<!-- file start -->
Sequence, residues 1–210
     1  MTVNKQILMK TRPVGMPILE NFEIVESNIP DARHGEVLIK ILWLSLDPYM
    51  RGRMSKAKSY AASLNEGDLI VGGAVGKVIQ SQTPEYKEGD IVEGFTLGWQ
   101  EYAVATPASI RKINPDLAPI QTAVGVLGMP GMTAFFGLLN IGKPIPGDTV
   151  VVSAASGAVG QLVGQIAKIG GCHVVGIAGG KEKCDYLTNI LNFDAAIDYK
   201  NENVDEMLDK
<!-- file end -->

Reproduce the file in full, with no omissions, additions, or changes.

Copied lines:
Sequence, residues 1–210
     1  MTVNKQILMK TRPVGMPILE NFEIVESNIP DARHGEVLIK ILWLSLDPYM
    51  RGRMSKAKSY AASLNEGDLI VGGAVGKVIQ SQTPEYKEGD IVEGFTLGWQ
   101  EYAVATPASI RKINPDLAPI QTAVGVLGMP GMTAFFGLLN IGKPIPGDTV
   151  VVSAASGAVG QLVGQIAKIG GCHVVGIAGG KEKCDYLTNI LNFDAAIDYK
   201  NENVDEMLDK